Disturbing Religious Worship
– section 21 of the Summary Offences Act 1966
Disturbing Religious Worship is when someone upsets people gathered for religious reasons. It could also be if someone assaults the person leading the worship.
Examples of Disturbing Religious Worship
- Some people run into a Mosque during Friday prayers and begin to yell insults to the worshippers
- Someone punches a Catholic priest during Mass
What are some of the possible defences to a Disturbing Religious Worship charge?
- You did not disturb anyone
- You did not wilfully disturb any religious worship
- You have a lawful justification or excuse
There are other possible defences, depending on the circumstances surrounding the alleged offending. Each matter is unique and requires an individual approach and strategy.
Questions that are asked in cases like this:
- What are they saying actually happened?
- Did you have a lawful excuse?
Maximum penalty and Court that deals with this charge
The maximum penalty for this offence is 15 penalty units or imprisonment for three months.
Disturbing religious worship is a case that would be heard in the Magistrates’ Court.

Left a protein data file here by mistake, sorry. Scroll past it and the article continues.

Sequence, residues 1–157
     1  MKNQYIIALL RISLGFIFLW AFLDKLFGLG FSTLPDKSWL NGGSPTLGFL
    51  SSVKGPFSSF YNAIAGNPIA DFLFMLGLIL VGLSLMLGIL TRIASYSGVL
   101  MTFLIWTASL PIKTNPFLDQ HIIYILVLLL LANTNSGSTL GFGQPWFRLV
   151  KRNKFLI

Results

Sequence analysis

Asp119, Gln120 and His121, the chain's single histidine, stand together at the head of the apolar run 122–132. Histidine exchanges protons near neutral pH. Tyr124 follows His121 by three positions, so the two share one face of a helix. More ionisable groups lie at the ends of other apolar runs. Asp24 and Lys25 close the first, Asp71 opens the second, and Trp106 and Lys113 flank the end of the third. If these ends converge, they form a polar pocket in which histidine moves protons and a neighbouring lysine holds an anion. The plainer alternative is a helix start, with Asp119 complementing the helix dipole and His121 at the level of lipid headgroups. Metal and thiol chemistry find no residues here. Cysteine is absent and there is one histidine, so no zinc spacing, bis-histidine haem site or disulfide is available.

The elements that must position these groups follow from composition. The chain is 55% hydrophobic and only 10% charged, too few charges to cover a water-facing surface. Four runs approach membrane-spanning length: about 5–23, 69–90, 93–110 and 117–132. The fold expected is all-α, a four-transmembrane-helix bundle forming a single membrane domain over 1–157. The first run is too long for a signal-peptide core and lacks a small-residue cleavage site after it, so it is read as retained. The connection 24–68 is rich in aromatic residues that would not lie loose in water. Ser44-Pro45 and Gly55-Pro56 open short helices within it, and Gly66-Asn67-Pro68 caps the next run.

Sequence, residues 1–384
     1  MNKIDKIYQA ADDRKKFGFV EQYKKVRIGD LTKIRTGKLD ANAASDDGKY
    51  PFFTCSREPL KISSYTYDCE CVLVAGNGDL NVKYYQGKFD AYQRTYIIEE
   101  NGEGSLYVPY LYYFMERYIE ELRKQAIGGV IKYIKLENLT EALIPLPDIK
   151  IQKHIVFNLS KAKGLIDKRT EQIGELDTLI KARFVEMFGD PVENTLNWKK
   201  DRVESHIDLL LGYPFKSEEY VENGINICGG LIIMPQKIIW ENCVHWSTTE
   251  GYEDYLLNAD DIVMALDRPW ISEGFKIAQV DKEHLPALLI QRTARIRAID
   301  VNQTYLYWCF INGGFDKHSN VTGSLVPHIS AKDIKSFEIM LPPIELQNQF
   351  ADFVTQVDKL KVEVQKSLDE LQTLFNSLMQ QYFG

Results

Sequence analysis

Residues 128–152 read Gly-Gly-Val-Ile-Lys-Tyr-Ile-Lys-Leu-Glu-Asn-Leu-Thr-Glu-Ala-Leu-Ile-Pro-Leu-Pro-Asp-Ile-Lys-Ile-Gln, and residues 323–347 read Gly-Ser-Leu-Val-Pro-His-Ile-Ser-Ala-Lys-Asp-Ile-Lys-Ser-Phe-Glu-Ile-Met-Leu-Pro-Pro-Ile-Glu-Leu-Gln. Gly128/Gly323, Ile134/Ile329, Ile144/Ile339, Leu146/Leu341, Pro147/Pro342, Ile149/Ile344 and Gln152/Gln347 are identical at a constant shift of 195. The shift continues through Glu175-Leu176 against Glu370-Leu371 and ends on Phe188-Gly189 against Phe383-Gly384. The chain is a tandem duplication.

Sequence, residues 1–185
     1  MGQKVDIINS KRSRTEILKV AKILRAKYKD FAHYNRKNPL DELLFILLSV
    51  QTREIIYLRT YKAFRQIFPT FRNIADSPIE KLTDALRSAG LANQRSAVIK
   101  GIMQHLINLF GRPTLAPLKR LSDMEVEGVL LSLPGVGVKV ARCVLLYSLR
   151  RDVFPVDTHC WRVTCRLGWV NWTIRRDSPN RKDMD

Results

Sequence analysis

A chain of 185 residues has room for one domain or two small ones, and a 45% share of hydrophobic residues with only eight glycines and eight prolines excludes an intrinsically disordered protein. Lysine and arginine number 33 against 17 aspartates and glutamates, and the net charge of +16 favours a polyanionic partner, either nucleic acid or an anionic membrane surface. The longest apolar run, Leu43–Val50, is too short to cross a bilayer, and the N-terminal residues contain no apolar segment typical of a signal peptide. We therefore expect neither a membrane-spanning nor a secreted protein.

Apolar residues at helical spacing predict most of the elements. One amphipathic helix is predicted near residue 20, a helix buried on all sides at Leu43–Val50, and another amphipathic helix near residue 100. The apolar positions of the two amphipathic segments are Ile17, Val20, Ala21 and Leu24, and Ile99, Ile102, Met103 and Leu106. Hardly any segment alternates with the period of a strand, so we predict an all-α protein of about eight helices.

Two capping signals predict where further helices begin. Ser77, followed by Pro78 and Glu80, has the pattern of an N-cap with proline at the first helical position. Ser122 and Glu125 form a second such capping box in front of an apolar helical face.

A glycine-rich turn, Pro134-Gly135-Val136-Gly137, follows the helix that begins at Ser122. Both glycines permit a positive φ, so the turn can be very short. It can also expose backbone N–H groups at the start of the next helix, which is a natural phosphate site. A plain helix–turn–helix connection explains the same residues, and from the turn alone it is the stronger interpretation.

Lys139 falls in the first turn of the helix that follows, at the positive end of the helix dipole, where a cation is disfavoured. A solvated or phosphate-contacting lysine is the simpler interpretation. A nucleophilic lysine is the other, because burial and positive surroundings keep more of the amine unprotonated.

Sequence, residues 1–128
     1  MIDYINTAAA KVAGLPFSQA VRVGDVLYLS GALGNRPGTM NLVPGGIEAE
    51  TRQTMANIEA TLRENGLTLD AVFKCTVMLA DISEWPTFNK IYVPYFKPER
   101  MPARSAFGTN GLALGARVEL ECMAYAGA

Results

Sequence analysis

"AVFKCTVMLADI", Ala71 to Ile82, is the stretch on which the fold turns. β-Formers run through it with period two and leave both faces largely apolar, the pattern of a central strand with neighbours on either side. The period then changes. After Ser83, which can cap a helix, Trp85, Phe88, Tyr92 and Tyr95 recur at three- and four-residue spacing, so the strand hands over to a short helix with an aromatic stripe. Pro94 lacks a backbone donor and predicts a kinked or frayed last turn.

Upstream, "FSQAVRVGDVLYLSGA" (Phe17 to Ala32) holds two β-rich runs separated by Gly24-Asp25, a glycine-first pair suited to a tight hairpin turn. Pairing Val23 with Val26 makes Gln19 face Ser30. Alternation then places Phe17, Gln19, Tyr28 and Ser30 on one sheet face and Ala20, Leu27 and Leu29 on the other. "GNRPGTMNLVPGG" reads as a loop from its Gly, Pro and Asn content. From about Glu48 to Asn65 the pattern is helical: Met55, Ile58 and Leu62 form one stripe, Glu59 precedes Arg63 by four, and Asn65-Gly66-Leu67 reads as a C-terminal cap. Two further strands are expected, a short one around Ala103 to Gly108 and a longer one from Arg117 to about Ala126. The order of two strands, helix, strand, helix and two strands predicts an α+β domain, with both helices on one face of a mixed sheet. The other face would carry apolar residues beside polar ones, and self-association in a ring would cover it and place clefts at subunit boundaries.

“Did you disturb any religious worship?”
What is the legal definition of Disturbing Religious Worship?
Wilfully, and without lawful justification or excuse, disquieting or disturbing religious worship. Or assaulting a person lawfully officiating the religious worship.
The section that covers this offence is section 21 of the Summary Offences Act 1966.1
What can you be sentenced to for this charge?
You are most likely to receive a fine if found guilty of this offence.
 Summary Offences Act 1966 – Section 21
Penalty: 15 penalty units or imprisonment for three months.
(2) A prosecution for an offence against this section shall be commenced within three months after the offence is committed.